In recent weeks my Facebook Newsfeed has been flooded with #nocamerafilter #naturalbeauty #nomakeup selfies. Hundreds of bare-faced people smiling, and tagging he, she, and so and so they haven’t spoken to since kindergarten.
I don’t care for Facebook trends. I’m rarely nominated and would ignore the nomination if it happened. Still, if people wanted to go out of their comfort zone and display their naked face to the world, go ahead. Make-up, no make-up, I really don’t care. Whatever makes a person happy.
It wasn’t until one of my Facebook friends took a picture of her chest that I had any idea that this craze was for cancer.
I’ll ask the obvious question: How is this helping cancer?
I don’t blame the participants for thinking they are doing something good. It’s like liking that page for Kony 2012 to save the Invisible Children. People hear about something bad or sad and feel obligated to help. It’s too bad that help seems to be a simple click; a simple bare-faced smile that they think makes all the difference. The world will be a better place and cancer will be known (because there obviously is no awareness) and cured because of your naked smiling face.
I understand why the participants think they are helping. Cancer patients often feel embarrassed and self-conscious over their appearance because of the exhausting effects that chemo and radiation. The no make-up selfie then inspires people to feel like a cancer patient, to show their unpampered face and feel the same embarrassment without their make-up to protect them.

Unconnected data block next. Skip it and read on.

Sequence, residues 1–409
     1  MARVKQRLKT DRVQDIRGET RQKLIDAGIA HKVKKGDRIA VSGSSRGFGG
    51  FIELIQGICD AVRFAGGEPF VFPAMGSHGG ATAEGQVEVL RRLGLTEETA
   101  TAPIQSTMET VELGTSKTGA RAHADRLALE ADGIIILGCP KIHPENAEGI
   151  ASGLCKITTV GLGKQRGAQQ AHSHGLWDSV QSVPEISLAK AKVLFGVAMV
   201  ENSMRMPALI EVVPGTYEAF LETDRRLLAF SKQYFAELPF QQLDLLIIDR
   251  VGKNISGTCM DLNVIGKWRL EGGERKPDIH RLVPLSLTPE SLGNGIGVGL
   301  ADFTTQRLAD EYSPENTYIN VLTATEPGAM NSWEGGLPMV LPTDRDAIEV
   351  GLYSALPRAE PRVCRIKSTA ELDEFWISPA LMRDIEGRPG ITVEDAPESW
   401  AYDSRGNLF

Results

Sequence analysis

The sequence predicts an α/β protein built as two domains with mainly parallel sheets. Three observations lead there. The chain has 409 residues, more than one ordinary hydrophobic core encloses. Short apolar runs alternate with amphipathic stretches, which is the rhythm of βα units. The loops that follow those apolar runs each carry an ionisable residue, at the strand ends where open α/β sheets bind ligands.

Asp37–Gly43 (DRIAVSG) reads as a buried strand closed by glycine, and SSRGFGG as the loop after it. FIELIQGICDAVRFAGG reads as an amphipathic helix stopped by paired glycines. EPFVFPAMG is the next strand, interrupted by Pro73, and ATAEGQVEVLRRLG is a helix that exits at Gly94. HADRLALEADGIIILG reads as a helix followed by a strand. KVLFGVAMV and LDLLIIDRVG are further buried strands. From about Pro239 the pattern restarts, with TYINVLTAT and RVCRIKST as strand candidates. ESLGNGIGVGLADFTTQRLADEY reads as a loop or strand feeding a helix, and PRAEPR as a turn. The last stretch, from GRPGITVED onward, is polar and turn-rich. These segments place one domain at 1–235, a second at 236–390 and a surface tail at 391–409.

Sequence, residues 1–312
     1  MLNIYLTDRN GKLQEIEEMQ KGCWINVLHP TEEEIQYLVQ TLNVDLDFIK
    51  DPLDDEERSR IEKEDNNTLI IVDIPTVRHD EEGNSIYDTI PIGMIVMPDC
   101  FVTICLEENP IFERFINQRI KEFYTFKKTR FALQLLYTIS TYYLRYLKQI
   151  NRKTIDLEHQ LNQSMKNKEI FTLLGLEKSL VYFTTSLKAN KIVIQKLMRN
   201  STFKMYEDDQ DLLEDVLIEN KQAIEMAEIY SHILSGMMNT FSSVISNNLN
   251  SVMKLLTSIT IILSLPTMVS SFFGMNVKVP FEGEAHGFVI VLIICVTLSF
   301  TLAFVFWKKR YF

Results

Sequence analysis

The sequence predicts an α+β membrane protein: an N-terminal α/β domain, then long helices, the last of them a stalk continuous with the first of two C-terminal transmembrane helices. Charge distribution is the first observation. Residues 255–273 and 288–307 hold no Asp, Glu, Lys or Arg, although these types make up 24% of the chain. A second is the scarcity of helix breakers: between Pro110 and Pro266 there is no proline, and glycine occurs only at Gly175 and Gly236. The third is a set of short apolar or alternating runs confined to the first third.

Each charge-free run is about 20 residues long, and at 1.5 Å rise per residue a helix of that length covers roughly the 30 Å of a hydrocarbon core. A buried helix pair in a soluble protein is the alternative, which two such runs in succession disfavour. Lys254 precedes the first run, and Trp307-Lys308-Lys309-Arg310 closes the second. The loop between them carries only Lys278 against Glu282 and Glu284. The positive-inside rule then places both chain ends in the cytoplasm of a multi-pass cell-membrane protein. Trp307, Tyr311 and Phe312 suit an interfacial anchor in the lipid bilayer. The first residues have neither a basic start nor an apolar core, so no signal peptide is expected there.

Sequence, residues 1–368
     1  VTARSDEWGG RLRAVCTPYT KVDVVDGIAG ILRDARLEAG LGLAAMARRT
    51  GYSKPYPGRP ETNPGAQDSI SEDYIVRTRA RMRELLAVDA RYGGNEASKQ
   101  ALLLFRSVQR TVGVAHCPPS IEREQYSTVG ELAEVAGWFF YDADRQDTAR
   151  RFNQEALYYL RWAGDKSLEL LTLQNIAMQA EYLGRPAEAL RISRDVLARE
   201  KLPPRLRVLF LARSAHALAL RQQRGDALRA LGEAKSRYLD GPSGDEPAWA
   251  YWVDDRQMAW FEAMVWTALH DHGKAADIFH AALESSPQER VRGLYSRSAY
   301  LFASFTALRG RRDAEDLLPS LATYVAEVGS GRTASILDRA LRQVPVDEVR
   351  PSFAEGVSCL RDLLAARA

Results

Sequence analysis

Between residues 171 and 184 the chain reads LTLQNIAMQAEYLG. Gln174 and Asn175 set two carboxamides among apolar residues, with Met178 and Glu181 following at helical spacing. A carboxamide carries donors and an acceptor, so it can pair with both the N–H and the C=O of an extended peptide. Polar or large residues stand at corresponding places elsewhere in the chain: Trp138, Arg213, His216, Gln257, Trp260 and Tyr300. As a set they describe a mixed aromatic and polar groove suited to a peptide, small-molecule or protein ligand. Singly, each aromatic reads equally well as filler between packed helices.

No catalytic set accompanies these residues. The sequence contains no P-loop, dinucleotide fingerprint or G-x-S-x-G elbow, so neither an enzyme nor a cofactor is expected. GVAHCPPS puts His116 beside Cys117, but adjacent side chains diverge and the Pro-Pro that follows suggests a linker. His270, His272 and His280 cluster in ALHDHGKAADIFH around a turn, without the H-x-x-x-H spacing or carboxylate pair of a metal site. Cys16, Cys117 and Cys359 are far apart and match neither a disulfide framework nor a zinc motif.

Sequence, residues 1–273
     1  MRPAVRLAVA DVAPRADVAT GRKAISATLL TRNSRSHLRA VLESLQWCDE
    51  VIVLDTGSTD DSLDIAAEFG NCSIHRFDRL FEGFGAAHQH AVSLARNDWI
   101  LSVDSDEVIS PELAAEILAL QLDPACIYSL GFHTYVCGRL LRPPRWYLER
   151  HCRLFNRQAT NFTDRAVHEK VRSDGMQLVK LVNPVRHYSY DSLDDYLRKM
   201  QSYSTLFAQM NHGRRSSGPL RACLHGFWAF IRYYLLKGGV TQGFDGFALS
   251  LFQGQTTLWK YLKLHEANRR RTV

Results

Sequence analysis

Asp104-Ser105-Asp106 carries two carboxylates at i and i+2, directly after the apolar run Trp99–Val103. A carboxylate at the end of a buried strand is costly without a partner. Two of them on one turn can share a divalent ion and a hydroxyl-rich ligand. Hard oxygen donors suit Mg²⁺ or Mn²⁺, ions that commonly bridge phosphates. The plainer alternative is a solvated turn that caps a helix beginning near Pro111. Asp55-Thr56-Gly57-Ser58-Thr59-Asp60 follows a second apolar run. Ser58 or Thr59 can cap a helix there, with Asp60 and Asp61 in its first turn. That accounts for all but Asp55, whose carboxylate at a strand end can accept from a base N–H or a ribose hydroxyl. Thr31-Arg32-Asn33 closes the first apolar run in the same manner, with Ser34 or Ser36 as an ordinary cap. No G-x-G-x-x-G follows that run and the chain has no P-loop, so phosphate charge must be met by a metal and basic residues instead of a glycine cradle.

In theory it’s a good idea, but in reality it’s selfish. When the no make-up selfie craze began in the U.K. people were hashtagging and smiling their tired face-off, but most people were also donating. In 48 hours the #NoMakeupSelfie campaign earned more than $5 million Canadian in donations to Cancer Research U.K.
Of my 245 friends on Facebook only two have done anything with the selfie that promotes cancer awareness. My mentioned friend above also took a picture of her throat, highlighting the different types of cancers there are to bring awareness. My other friend actually donated to the Canadian Breast Cancer Foundation.
Instead of posting no make-up selfies people can do so much more to help spread cancer awareness. People can donate to the various cancer charities that exist, people can volunteer at Jurivinski, people can even knit squares for blankets for cancer patients!
There are so many productive things people can do to actually make a difference.
My mom was recently diagnosed with breast cancer for the third time, and that might allow you to read this article as a personal complaint on a fad. But you don’t need a mother who has fought cancer multiple times to consciously know that there are better ways to advocate for cancer awareness and donations then posting a selfie.
In the meantime I will be helping my mother cook and clean around the house. I will be going with her to appointments and in my spare time I’ll knit some squares for blankets for Jurivinski.
I want to actively help, and I hope you’ll join me.